The price slashes, promotions, and perks instituted by T-Mobile US in recent years have all been in the name of subscriber growth. By that measure, the “Un-carrier” marketing platform instituted by CEO John Legere has been a success: T-Mobile has added at least 1 million subscribers in each of the past 13 quarters, and now counts more than 67 million subscribers.

But is subscriber count still the defining metric of health for mobile networks? Moves by T-Mobile and its largest competitor might signal otherwise at a time when the U.S. mobile market has saturated. Verizon, which lost postpaid subscribers in the first quarter of 2016 and didn’t panic, purchased Yahoo in late July for $4.8 billion. T-Mobile countered a few weeks later with T-Mobile One, a pricing structure that further distances the Bellevue-based carrier from AT&T and Verizon: Four lines with unlimited data costs $160 a month under T-Mobile’s new plan.

Hawking unlimited data fits with T-Mobile’s subscriber-first model, but because smartphones and tablets are increasingly becoming consumers’ first choice for media consumption, allowing unfettered streaming aligns T-Mobile with the media-oriented actions of its largest competitors, Verizon and AT&T.

“There’s going to be a flattening of the growth curve, especially if you’ve been having rampant growth like T-Mobile,” said Bill Menezes, a Gartner analyst covering mobile communications. “When the acquisition of new lines slows, you need new revenue.”

Verizon in particular has been on a content binge. Its Yahoo purchase followed the acquisitions of AOL, TechCrunch, and The Huffington Post. “We see tremendous opportunity in the digital video marketplace,” Verizon CEO Lowell McAdam said in a conference call following the company’s second-quarter earnings report. AT&T, for its part, owns DirecTV, which has added 1 million subscribers since AT&T bought it for $48.5 billion in July 2015.

All the while, T-Mobile has been picking up subscribers, many of which have defected from its primary competitors (Verizon and AT&T both have more than twice as many subscribers as T-Mobile). That approach was conducive to T-Mobile’s strategy to be acquired; the larger the subscriber base, the more interested potential buyers such as Dish Network would be. But T-Mobile is becoming a successful standalone that German parent Deutsche Telekom may want to keep. Perennially unprofitable when Legere was brought on in 2012, T-Mobile’s net income was $733 million in fiscal 2015, and the firm has already pocketed $704 million in 2016.

“If there’s not a buyer,” Menezes said, “they continue to grow their cash flow, they’re becoming more profitable, and they continue to add lines of service that will generate all this revenue that’s necessary to buy more (wireless) spectrum.”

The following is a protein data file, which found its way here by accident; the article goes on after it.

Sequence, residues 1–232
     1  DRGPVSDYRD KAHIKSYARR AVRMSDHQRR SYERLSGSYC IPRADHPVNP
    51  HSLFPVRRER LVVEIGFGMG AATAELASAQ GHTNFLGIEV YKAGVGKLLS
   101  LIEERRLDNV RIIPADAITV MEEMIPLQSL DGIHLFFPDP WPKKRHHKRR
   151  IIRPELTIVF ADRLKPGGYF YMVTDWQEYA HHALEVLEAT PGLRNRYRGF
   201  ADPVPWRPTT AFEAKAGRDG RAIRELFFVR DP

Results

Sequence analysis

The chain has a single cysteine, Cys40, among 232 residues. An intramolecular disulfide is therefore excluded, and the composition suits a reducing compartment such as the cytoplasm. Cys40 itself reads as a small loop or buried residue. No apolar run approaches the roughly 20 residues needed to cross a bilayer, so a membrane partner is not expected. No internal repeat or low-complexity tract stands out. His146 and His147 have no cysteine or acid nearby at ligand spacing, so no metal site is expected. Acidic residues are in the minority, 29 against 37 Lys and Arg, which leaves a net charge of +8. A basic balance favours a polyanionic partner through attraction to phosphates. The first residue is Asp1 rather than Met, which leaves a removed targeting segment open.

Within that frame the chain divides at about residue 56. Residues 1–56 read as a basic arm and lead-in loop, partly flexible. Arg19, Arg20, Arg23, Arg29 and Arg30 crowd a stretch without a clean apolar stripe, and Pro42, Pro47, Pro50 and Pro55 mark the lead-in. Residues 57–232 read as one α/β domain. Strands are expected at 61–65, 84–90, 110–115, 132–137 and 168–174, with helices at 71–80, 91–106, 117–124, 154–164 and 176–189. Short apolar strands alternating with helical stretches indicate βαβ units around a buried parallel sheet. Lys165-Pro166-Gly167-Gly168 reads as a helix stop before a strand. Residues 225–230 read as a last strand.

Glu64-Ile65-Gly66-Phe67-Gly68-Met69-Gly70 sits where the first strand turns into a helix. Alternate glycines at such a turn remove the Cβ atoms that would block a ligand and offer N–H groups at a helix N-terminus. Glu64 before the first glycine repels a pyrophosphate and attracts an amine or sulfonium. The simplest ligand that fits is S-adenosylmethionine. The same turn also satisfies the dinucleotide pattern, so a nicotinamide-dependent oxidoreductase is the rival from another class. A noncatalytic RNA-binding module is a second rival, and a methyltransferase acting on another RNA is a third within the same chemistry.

Granted, T-Mobile doesn’t have nearly the resources of Verizon and AT&T. T-Mobile’s total assets in the latest quarter were just shy of $64 billion, while Verizon’s neared $232 billion. But T-Mobile is diversifying, just in ways more subtle than multibillion-dollar acquisitions.

The unlimited-data announcement piggy-backed on one of T-Mobile’s more controversial promotions. With Binge On, T-Mobile allowed subscribers to stream content from most major streaming services without it counting against their monthly data allotment. The move was considered by many to violate net neutrality, the concept that all content providers have equal access to bandwidth. Universally unlimited data would solve that problem, and Gartner’s Menezes said unlimited streaming makes T-Mobile a de facto content provider without the cost of buying a major provider.

T-Mobile’s value-laden approach also targets a segment of the market where Verizon and AT&T lack a stronghold: non-coastal metros without access to some of their diversification strategies. “For example, I live in Denver,” Menezes said. “We’re not a Fios (Verizon’s internet arm) market or a U-verse (AT&T’s) market, and there are a lot of areas like this.”

If T-Mobile is ever to reach the magnitude of Verizon or AT&T, it will likely have to be purchased by a larger media company. But to remain competitive as a mobile provider, its pioneering approach to streaming could keep it afloat. “If T-Mobile executes its strategy well, and that includes becoming a more content-heavy provider simply by streaming content for free on your mobile device,” Menezes said, “then you could see an even playing field in five years.”